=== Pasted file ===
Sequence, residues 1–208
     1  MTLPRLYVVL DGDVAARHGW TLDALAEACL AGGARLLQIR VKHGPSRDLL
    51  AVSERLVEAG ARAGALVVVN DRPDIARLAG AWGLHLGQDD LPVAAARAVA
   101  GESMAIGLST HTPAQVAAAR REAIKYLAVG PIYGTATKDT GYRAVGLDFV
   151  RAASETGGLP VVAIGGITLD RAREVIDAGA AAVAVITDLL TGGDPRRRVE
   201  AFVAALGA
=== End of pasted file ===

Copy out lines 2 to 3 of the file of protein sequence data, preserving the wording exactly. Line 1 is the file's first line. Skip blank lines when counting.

     1  MTLPRLYVVL DGDVAARHGW TLDALAEACL AGGARLLQIR VKHGPSRDLL
    51  AVSERLVEAG ARAGALVVVN DRPDIARLAG AWGLHLGQDD LPVAAARAVA